(These are excerpts from my book "Intelligence is not Artificial")
Footnote: Simplifying the (Artificial) Brain
Convolutions are not fun systems to implement on machines. Convolutional neural networks demand large amounts of memory and computational power. Krizhevsky's AlexNet of 2012 used 61 million parameters. It performed 1.5 billion operations to classify an image. Deepface, one of the first systems to apply deep learning to face recognition, developed in 2014 by Yaniv Taigman of Facebook and Lior Wolf of Tel Aviv University (who both worked at Face.com before it was acquired by Facebook in 2012), classified human faces using 120 million parameters and was trained on the four million facial images of the Labeled Faces in the Wild (LFW) datase. Karpathy's Neural Talk system of 2014 used 130 million convolutional parameters and 100 million recurrent parameters to generate captions for images. The deep networks that came after these ones were orders of magnitude more complex and therefore even more demanding.
Several tricks were proposed to make it easier for these monsters to do their job. For example, Song Han at Stanford pioneered a technique of network compression that made it possible to fit these networks on existing chips ("Learning both Weights and Connections for Efficient Neural Networks", 2015), but it was neither easy nor cheap. In 2016 Han published "deep compression", a method to compress deep networks by an order of magnitude without losing accuracy, and designed a specific hardware architecture, Efficient Inference Engine (EIE). Han shrunk the memory requirement of AlexNet and VGG-16 by 35 times and by 49 times respectively while retaining the same accuracy. In 2016 Kurt Keutzer's group at UC Berkeley (including Forrest Iandola, founder of DeepScale.ai) in collaboration with Song Han published Squeezenet, that achieved the same accuracy of AlexNet with 50 times fewer parameters.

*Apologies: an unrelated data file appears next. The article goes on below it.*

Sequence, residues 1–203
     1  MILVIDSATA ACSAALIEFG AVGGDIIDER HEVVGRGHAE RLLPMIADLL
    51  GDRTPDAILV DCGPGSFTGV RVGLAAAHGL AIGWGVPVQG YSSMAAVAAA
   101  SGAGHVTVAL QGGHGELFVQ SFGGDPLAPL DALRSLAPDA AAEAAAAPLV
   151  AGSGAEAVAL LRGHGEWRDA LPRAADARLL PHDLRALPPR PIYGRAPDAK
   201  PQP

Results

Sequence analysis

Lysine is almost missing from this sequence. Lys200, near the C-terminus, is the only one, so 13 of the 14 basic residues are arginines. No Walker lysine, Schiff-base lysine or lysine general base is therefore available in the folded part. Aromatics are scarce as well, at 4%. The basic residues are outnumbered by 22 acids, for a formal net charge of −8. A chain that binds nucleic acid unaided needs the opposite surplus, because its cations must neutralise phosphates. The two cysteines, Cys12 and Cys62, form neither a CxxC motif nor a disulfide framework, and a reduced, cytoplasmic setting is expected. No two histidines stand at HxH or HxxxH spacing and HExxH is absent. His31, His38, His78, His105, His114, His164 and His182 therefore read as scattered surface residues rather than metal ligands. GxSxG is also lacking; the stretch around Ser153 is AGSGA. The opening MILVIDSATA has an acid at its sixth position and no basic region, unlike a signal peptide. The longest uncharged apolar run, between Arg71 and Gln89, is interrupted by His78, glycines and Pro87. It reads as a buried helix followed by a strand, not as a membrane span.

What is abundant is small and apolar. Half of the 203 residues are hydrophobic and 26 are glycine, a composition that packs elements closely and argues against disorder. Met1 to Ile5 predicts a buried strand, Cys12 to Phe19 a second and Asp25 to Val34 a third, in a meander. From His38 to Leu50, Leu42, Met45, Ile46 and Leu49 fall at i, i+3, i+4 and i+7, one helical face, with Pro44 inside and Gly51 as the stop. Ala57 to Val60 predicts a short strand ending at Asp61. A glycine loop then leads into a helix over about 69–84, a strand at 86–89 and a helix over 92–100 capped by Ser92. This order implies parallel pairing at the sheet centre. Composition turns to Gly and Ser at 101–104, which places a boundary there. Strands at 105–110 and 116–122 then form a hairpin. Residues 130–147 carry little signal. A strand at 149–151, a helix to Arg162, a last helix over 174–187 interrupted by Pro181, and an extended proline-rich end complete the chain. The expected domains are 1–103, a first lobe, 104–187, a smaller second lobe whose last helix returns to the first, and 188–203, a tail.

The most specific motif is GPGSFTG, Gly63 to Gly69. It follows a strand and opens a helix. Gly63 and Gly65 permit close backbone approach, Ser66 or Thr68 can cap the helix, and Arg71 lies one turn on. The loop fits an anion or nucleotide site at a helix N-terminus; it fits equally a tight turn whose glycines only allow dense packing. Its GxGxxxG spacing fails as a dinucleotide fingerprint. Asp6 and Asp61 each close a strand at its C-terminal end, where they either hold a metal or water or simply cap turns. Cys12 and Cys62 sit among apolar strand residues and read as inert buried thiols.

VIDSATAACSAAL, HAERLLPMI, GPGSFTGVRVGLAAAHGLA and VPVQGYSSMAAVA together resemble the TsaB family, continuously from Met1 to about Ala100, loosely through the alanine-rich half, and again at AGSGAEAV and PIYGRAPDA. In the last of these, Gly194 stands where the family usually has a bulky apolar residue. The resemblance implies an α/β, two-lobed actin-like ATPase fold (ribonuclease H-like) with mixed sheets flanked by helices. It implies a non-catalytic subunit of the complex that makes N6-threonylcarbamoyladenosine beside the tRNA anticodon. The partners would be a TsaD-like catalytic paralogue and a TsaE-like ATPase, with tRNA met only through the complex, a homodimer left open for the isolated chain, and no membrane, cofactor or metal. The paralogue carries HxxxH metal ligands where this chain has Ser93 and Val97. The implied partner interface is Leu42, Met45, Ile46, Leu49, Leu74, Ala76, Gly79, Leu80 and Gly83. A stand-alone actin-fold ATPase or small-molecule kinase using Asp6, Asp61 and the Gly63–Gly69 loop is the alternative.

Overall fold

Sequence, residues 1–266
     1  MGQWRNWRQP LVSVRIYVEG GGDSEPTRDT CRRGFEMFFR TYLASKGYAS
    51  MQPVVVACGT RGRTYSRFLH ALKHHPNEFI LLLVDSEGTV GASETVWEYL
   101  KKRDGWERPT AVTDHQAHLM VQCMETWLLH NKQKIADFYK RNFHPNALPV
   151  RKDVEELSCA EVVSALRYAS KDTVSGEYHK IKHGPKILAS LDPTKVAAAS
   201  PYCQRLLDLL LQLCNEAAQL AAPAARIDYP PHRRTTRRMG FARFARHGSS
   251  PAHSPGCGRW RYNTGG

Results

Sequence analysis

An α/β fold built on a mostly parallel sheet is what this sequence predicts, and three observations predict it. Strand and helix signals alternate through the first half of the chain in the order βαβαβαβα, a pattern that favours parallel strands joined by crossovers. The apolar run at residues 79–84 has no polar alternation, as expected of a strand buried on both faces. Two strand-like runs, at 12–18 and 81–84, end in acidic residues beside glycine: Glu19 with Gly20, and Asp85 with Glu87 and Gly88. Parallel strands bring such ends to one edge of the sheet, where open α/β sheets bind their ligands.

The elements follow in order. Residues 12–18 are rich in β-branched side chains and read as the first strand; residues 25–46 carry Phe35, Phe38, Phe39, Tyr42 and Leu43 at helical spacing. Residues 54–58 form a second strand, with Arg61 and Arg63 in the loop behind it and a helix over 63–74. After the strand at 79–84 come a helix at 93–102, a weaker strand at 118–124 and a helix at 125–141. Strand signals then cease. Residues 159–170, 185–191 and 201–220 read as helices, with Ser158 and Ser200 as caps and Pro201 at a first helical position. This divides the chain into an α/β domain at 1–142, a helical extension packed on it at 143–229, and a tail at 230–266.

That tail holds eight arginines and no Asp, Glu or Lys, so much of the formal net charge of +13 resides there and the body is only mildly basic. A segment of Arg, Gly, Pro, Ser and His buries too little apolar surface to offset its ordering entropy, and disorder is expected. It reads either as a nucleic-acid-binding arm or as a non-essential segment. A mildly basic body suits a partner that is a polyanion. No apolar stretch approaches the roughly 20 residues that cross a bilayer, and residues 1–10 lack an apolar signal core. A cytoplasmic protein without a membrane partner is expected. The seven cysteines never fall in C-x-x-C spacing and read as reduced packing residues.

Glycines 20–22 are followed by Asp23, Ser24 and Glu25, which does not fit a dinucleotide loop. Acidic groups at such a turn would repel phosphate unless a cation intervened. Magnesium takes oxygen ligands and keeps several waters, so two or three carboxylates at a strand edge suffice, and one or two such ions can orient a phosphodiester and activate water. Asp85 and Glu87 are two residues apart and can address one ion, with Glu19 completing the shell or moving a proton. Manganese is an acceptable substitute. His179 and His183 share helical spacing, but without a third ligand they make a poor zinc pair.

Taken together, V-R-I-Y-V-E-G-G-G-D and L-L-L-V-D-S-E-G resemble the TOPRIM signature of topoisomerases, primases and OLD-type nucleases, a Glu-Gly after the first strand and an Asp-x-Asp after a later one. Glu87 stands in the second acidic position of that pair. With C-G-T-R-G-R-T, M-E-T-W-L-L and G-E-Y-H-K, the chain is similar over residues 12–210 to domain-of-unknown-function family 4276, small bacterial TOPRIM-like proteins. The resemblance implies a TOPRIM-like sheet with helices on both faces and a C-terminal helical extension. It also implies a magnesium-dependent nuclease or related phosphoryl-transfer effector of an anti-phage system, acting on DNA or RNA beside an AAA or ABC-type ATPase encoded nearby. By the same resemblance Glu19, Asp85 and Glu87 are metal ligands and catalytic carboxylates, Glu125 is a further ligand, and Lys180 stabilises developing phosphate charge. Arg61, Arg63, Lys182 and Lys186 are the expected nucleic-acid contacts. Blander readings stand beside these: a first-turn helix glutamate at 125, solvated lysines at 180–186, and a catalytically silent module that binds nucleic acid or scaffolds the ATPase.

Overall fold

Another approach, low-precision convolution networks, was pioneered by Yoshua Bengio's student Matthieu Courbariaux at Montreal University. His "BinaryConnect" (2015) was a "binarized neural network": it limited weight values to only a + or - value, thus improving dramatically the computational efficiency of the algorithm and reducing the amount of memory required. This project evolved into BinaryNet by Ran El-Yaniv's group at Technion in Israel ("Binarized Neural Networks", 2016). Another binarized neuronal net, called Xnor-net, was proposed in 2016 by Ali Farhadi's group at the University of Washington, resulting in 58 times faster convolutional operations and 32 times memory savings. Meanwhile, also in 2016, Fengfu Li and Bo Zhang of the Institute of Applied Mathematics in Beijing published a study of ternary-weight networks (neural networks with weights that can have three values, +1, 0 and -1) showing that their performance was only slightly worse than in the high-precision counterparts ("Ternary Weight Networks", 2016). An even better result was achieved also in 2016 by Eriko Nurvitadhi of Carnegie Mellon University, working in Debbie Marr's group at Intel Labs ("Accelerating Deep Convolutional Networks Using Low-precision and Sparsity", 2016).
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